Inferring strategies masculinity hypothesis or concepts
Criminology The Core by Larry J
N2 - Studies with volunteers in sexual arousal experiments suggest that women are, on average, physiologically sexually aroused to both male and female sexual stimuli. Lesbians are the exception because they tend to be more aroused to their preferred sex than the other sex, a pattern typically seen in men. A separate research line suggests that lesbians are, on average, more masculine than straight women in their nonsexual behaviors and characteristics. Hence, a common influence could affect the expression of male-typical sexual and nonsexual traits in some women. By integrating these research programs, we tested the hypothesis that male-typical sexual arousal of lesbians relates to their nonsexual masculinity. Moreover, the most masculine-behaving lesbians, in particular, could show the most male-typical sexual responses. Across combined data, Study 1 examined these patterns in women's genital arousal and self-reports of masculine and feminine behaviors. Study 2 examined these patterns with another measure of sexual arousal, pupil dilation to sexual stimuli, and with observer-rated masculinity-femininity in addition to self-reported masculinity-femininity. Although both studies confirmed that lesbians were more male-typical in their sexual arousal and nonsexual characteristics, on average, there were no indications that these 2 patterns were in any way connected. Thus, women's sexual responses and nonsexual traits might be masculinized by independent factors.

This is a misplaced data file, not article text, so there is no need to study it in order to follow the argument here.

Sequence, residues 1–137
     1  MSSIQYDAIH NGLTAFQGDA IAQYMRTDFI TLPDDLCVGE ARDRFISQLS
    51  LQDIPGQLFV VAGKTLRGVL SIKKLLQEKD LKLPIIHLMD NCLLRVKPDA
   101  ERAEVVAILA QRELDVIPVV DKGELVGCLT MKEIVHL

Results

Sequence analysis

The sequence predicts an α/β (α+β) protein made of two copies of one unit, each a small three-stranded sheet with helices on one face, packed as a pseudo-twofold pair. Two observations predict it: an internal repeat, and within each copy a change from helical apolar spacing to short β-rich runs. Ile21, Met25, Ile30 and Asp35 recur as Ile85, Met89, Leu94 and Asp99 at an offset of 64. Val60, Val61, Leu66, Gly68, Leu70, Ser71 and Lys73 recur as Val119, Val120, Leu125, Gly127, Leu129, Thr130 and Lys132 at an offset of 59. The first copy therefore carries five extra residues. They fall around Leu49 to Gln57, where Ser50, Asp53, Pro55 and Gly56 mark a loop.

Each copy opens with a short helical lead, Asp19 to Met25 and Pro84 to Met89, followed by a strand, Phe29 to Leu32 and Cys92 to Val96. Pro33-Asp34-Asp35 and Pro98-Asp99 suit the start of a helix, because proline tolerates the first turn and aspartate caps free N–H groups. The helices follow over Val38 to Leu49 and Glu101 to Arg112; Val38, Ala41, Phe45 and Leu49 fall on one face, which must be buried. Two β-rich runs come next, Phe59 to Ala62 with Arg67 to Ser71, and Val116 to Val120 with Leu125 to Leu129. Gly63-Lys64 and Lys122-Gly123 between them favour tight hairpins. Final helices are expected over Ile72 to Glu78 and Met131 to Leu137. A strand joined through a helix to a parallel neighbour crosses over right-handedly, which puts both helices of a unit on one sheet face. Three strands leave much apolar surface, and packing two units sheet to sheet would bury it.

Senne*(1) (1) masculinity hypothesis Joshua A
N2 - Tested 30 obese and 30 nonobese women, matched on 7 variables, for femininity with the terman-miles m-f test and a questionnaire. Contrary to the hypothesis, obese ss were significantly higher in femininity scores. Analysis of subtests revealed that the major contributing factor was greater emotional reactivity. Among the obese, ss with juvenile onset and family history of obesity had significantly higher femininity scores and significantly greater emotional reactivity than ss with adult onset and no family history. It is concluded that (a) the interaction of obese characteristics may make it difficult to test the hypothesis on standard m-f scales, and (b) future research should differentiate between obese subpopulations. (38 ref.) (PsycINFO Database Record (c) 2006 APA, all rights reserved).